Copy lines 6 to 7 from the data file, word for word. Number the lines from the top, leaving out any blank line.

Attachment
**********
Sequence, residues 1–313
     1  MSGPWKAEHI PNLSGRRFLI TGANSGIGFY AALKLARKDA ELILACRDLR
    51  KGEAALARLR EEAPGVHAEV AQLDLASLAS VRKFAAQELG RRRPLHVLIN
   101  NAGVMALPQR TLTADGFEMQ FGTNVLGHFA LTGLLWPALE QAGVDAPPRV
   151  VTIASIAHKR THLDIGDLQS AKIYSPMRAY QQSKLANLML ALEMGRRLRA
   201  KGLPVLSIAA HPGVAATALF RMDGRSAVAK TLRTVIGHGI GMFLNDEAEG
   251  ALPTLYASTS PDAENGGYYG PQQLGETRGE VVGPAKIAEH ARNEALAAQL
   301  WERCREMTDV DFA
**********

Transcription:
   201  KGLPVLSIAA HPGVAATALF RMDGRSAVAK TLRTVIGHGI GMFLNDEAEG
   251  ALPTLYASTS PDAENGGYYG PQQLGETRGE VVGPAKIAEH ARNEALAAQL